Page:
For a number of years, Larry Ellison, the co-founder and CEO of Oracle Corp., has been an enigma. With a personal net worth of around $40 billion, his life is outsized, whether he’s running a company with 120,000 employees, pursuing the America’s Cup, or buying the entire Hawaiian island of Lanai.
In researching my book The Billionaire and The Mechanic: How Larry Ellison and a Car Mechanic Teamed Up to Win Sailing’s Greatest Race, the America’s Cup, I had the opportunity to meet with Larry regularly at his home in Woodside, California, where we talked about everything from his dedication to Oracle to his love of sailing. During that time he also explained to me how his sailing has grown from a hobby to an obsession with winning the sport’s Holy Grail.
What sparked his interest in the sport was a National Geographic cover story on Robin Lee Graham, who was then the youngest person to solo-circumnavigate the globe aboard his 24-foot sloop, Dove. Larry, who read the story as a teenager living on the South Side of Chicago with his adoptive parents, envied Graham’s freedom and was captivated by the idea of finding adventure on the high seas.
His decision to pursue the America’s Cup came in late spring of 2000, after he and the crew of his Farr-designed 80-footer, Sayonara, had just won Antigua Sailing Week and claimed their fourth maxi-class world championship.
“Team Sayonara hadn’t lost a buoy regatta since it was launched in 1995,” Larry told me. “Team New Zealand hadn’t lost since 1995. Someone has to lose in 2003.” Larry figured he could buy the San Francisco 49ers football team and still not play quarterback. Here he could buy the team and drive the boat.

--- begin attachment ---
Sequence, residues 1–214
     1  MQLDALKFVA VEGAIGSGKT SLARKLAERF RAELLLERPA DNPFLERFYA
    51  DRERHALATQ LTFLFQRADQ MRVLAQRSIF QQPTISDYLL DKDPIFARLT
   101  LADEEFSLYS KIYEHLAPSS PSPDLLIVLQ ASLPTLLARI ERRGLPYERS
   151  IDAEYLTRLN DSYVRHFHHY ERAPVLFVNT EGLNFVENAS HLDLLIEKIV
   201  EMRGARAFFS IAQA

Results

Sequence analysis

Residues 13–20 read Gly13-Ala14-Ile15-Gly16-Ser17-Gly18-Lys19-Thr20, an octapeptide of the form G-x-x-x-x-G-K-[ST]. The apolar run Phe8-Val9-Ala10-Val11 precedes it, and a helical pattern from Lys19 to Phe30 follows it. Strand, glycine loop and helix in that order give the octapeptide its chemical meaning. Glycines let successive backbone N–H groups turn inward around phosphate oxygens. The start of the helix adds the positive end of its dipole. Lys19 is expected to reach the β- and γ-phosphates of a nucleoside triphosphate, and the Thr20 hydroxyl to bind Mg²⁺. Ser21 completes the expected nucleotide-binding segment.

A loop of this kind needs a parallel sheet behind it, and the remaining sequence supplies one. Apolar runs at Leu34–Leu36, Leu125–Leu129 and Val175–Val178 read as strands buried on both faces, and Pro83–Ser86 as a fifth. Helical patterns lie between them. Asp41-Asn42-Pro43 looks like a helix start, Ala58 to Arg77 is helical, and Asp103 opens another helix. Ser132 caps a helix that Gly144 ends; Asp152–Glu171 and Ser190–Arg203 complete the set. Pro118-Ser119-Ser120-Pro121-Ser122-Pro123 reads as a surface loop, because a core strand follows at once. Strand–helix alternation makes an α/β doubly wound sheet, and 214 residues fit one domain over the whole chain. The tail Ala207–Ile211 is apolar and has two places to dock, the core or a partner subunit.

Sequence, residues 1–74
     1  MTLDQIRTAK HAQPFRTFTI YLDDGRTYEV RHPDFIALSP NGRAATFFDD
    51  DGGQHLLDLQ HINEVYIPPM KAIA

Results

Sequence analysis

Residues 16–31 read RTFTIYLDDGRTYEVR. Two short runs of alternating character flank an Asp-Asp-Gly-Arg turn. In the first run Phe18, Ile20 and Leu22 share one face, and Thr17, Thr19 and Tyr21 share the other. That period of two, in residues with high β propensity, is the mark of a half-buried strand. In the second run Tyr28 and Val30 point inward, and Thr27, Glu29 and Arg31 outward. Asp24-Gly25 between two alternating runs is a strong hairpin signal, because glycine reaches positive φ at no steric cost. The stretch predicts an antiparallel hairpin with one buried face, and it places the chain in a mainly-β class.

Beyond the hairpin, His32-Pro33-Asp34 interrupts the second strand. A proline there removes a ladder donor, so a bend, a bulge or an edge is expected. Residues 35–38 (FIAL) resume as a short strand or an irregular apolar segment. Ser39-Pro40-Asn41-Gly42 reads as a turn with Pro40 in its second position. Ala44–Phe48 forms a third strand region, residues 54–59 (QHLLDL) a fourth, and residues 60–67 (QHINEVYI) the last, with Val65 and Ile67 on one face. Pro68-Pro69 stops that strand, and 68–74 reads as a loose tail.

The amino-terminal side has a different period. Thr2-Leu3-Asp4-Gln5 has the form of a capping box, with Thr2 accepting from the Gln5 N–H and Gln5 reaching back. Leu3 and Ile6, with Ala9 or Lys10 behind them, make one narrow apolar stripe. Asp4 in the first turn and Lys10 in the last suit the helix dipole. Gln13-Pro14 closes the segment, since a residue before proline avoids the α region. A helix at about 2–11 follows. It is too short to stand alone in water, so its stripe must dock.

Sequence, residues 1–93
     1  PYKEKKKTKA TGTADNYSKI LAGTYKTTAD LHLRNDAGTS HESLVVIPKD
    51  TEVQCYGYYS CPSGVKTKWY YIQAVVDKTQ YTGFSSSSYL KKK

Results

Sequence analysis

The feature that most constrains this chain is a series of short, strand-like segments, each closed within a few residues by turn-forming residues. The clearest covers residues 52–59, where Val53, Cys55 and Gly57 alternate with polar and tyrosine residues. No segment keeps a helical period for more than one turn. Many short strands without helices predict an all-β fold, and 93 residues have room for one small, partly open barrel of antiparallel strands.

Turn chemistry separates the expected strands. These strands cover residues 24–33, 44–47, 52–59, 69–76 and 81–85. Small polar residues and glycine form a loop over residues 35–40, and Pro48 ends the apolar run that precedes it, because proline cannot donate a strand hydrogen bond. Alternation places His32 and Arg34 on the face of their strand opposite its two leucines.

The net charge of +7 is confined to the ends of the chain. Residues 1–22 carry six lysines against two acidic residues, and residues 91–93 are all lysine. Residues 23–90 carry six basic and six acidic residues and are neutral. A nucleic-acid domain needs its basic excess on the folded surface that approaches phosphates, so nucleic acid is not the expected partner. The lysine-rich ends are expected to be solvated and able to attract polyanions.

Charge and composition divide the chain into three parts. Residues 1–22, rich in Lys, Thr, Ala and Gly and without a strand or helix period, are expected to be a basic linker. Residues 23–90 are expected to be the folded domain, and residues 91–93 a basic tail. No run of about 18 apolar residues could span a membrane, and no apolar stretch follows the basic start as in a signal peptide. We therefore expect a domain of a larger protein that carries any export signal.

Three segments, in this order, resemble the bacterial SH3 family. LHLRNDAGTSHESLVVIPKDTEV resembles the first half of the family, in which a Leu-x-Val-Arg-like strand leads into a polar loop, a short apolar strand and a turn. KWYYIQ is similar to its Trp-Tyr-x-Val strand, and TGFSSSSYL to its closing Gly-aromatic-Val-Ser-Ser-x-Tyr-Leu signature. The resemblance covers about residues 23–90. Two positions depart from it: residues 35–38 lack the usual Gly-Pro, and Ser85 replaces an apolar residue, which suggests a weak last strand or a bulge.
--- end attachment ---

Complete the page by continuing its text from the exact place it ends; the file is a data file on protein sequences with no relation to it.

Larry told me he relishes competitive sailing because it’s where he is judged on his performance, not his wealth or professional success. If he underperforms, he has Oracle Racing head Russell Coutts to scream at him: if he sails well, Coutts, in his understated Kiwi way, may say, “Good job.” When he’s racing, Larry gets a break from being Larry Ellison.
In a recent interview, Larry told me he didn’t realize when he first went after the America’s Cup that running a Cup campaign has “a lot more in common with my job running Oracle than my experience racing Sayonara.” He admits that while there are days when the work and expense feel worth it, there are others when he has wished he’d picked another goal.
“My life has been all about testing my limits and learning when I fail,” he said. “It’s been a journey of discovery, of seeing how far I can go. I’m trapped in a never-ending cycle of competing and learning. Once I was successful with Sayonara, I tried the America’s Cup. Now, how do you stop when you are winning? It’s hard for me to quit when I’m winning. It’s just hard for me to quit.”
This time around Larry has set out not only to defend the America’s Cup but to remake the event in a way that attracts not just sailors but the general public as well. Whether or not he succeeds remains to be seen. But one thing is for sure: whatever happens this summer, his love for the sport that captivated him as a teenager will endure.
Julian Guthrie is an award-winning journalist with the San Francisco Chronicle. For more on her book about Ellison and the Cup, visit julianguthriesf.com
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